• Sanskrit: (संस्कृता वाक्) saṃskṛtā vāk, for short (संस्कृतम्) saṃskṛtam. Historical Indo-Aryan language, one of the liturgical languages of Hinduism and Buddhism, and one of the 22 official languages of India.
  • Shakha (Sanskrit: शाखा} "branch" or "limb", is a Hindu theological school that specializes in learning certain Vedic texts.
  • Shiva: (Sanskrit: शिव) Hindi for "Auspicious one", also known as Rudra (the "Feared One"). A major Hindu god and one aspect of Trimurti. In the Shaiva tradition of Hinduism, Shiva is seen as the Supreme God. In the Smarta tradition, he is one of panchadeva - the five primary forms of God.
  • Sindoor is a red powder (Vermilion), which is traditionally applied at the beginning or completely along the parting-line of a woman’s hair (also called mang) or as a dot on the forehead. Sindoor is the mark of a married woman in Hinduism.
  • Sūta (Sanskrit:सूत) refers both to the bards of Puranic stories and to a mixed caste. According to Manu Smriti (10.11.17) the sūta caste are children of a Kshatriya father and Brahmin mother. The narrator of the several of the Puranas, Ugrasrava Sauti, son of Lomaharshana, was also called Sūta.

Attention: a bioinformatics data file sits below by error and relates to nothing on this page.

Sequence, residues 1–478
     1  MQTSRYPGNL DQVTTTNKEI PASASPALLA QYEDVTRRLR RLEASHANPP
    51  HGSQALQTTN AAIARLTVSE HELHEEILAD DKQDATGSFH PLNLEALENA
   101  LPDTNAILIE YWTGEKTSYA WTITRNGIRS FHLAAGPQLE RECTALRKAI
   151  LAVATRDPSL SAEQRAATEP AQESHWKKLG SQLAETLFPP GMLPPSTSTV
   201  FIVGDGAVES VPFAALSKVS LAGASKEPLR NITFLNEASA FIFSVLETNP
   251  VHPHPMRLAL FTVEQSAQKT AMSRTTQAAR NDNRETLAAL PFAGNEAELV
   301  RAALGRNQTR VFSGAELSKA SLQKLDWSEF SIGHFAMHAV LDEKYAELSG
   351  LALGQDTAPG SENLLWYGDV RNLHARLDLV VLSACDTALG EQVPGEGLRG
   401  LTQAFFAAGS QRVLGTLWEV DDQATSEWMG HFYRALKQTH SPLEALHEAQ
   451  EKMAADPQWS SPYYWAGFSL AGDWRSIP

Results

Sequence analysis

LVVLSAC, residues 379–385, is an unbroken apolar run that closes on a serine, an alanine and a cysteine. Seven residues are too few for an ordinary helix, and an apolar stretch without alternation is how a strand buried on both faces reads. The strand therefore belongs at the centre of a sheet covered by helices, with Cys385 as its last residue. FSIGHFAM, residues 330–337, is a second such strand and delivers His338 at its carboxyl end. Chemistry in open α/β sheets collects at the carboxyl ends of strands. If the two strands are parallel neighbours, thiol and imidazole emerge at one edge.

• Terminus post quem and the related terminus ante quem are terms used to give an approximate date for a text. Terminus post quem is used to indicate the earliest point in time when the text may have been written, while Terminus ante quem signifies the latest date at which a text may have been written.
  • Vāk or Vāc (stem vāc-, nominative vāk) is the Sanskrit word for "speech", "voice", "talk", or "language", from a verbal root vac- "speak, tell, utter". Personified, Vāk is a goddess, most frequently she is identified with Bharati or Sarasvati, the goddess of speech. In the Veda she is also represented as created by Prajapati and married to him; in other places she is called the mother of the Vedas and wife of Indra.
  • Vishnu (Sanskrit: विष्णु), (honorific: Bhagavan Vishnu), is the Supreme God in the Vaishnavite tradition of Hinduism. Smarta followers of Adi Shankara, among others, venerate Vishnu as one of the five primary forms of God (panchadeva). He is exalted as the highest God in Hindu sacred texts like the Taittiriya Samhita and the Bhagavad Gita. He is the Guru Kshethram, representing Bṛhaspati, or Jupiter, in the Navagraha, or nine cosmic influences.
  • Vyāsa (Devanāgari: व्यास) is a central and revered figure in the majority of Hindu traditions. He is also known as Badarayana. He is also sometimes called Veda Vyasa (वेद व्यास, veda vyāsa), (the one who split the Vedas) or Krishna Dvaipayana (referring to his complexion and birthplace). He is accredited as the scribe of both the Vedas, and the supplementary texts such as the Puranas. A number of Vaishnava traditions regard him as an avatar of Vishnu. Vyasa is also considered to be one of the eight Chiranjivins (long lived, or immortals), who are still in existence according to general Hindu belief.